If Labor Day was the optimal time to plant winter wheat for grazing in Oklahoma, the prime dates for dual-purpose and grain planting are approaching.

“It depends on what you are going for,” says Jeff Edwards, wheat specialist with Oklahoma Cooperative Extension Service. “If you’re a forage guy, the earlier you plant, the more you produce. If you’re going for dual purpose, you’re going to lose grain yield.”

Edwards says the best time to plant for grain yield is around Oct. 10.

“But this year, we have high cattle prices and high grain prices,” he adds.

For producers seeking to take advantage of this situation with a stocker and grain enterprise, Edwards points to a Sept. 15 planting date to “balance things out.”

“Based on historical data, that’s the most economical date to maximize both enterprises,” he says.

However, Edwards cautions that these dates are based on the assumptions that producers are using the “correct” variety and the temperatures are “normal,” or in the low 90s, for mid-September in Oklahoma.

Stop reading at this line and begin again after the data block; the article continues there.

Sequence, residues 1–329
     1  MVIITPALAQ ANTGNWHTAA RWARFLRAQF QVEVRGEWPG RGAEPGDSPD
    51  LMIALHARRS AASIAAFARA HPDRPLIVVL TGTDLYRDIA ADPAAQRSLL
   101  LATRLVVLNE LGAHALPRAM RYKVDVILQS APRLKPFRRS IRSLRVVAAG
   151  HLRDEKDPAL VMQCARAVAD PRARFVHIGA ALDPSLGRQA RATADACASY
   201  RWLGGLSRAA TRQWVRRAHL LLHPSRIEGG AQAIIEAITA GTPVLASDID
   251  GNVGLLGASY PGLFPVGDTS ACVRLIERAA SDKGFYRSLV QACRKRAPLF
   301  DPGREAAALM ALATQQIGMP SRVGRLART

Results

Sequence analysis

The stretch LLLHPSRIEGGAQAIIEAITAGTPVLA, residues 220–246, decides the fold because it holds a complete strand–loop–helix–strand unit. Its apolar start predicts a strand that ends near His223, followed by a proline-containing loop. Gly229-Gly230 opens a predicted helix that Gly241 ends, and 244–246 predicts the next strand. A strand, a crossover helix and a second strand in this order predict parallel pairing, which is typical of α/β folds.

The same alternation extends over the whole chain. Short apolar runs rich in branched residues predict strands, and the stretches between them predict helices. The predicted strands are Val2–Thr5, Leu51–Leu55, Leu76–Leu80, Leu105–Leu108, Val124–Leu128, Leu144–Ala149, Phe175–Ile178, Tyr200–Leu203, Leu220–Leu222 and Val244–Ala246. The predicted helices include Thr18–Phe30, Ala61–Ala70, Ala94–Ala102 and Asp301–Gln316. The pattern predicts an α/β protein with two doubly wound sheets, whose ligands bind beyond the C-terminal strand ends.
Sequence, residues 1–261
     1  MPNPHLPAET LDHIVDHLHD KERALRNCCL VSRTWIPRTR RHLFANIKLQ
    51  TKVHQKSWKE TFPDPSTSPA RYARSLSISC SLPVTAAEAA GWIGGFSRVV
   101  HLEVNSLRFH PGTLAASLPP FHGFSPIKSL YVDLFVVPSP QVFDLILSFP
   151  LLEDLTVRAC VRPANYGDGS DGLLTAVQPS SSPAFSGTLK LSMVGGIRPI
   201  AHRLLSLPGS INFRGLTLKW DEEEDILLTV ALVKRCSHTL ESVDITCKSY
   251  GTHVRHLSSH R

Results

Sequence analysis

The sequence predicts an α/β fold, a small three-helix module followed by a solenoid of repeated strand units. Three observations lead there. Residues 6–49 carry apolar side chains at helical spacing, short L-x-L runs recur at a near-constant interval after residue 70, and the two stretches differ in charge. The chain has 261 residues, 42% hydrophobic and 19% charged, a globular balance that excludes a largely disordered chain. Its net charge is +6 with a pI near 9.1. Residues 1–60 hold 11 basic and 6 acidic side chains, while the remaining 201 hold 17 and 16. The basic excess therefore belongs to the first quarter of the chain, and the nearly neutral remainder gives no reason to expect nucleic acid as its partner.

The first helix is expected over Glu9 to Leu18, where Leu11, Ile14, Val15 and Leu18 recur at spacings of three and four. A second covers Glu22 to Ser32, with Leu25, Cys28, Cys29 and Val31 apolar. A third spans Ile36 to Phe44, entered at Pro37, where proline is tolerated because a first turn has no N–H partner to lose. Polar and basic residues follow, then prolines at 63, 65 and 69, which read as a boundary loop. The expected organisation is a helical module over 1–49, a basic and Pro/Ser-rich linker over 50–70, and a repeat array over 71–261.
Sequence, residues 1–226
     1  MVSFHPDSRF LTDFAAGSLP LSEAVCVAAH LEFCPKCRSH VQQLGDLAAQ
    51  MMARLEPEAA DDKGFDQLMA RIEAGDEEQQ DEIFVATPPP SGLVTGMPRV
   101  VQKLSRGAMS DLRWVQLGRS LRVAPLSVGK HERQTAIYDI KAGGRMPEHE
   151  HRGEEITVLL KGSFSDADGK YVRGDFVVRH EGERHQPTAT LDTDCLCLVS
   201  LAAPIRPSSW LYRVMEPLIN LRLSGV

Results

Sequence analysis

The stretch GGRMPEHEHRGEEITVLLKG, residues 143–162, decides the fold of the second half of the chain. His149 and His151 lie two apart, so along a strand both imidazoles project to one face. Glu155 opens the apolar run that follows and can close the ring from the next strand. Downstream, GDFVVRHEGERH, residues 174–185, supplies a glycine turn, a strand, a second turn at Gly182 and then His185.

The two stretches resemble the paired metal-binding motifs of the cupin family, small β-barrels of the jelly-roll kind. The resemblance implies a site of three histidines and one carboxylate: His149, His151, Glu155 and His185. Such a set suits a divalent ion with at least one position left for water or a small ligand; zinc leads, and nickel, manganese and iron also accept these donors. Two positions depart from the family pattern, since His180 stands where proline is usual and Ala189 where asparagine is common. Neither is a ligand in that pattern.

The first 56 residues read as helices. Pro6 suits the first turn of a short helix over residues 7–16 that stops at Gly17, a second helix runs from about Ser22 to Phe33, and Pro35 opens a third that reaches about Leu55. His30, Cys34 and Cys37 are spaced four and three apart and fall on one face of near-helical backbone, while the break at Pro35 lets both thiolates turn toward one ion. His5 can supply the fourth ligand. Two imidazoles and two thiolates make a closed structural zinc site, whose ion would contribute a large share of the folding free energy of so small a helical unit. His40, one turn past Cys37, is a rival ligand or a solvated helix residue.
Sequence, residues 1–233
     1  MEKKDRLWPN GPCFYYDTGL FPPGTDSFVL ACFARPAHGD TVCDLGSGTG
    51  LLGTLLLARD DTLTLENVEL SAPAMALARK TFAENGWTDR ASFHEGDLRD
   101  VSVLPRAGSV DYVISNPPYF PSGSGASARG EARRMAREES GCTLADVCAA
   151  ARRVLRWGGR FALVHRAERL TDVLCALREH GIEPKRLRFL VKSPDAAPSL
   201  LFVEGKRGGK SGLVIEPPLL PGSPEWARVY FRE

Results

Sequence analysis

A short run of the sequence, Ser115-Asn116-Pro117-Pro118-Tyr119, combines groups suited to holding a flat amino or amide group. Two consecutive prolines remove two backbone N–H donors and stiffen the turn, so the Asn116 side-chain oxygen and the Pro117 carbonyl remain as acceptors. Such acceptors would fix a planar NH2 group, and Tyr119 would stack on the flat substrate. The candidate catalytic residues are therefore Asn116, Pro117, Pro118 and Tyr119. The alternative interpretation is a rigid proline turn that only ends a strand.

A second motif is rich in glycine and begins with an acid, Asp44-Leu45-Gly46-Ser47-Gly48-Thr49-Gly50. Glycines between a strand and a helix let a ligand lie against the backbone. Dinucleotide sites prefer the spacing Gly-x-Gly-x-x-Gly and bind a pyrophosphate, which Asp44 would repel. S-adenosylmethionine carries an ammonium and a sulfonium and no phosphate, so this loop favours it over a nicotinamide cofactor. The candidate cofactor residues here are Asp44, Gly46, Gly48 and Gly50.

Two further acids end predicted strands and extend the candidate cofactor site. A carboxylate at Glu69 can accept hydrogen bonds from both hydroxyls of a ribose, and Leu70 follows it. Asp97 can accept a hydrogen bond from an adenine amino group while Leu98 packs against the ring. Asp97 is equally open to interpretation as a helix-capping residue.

“When you plant early and you till right before you plant, you’re losing that top layer of moisture and you might be in a dusting-in situation even if you have some subsoil moisture,” Edwards says. “As the temperatures get cooler later, you won’t lose as much moisture with that last tillage operation.”

When thinking about planting, producers should bear in mind that they may have residual nitrogen in the soil due to the recent drought. Data from OSU’s Wheat Production Newsletter indicates that soil samples marked for wheat that were received by OSU’s Soil, Water and Forage Analytical Laboratory between June 10 and July 20, 2006, showed a 79 percent increase in nitrate-N over those received at the same time in 2005.

To determine residual N, collect a representative soil sample for analysis, noting that subsoil samples from 6 to 24 inches are needed to accurately assess the total amount of plant-available N.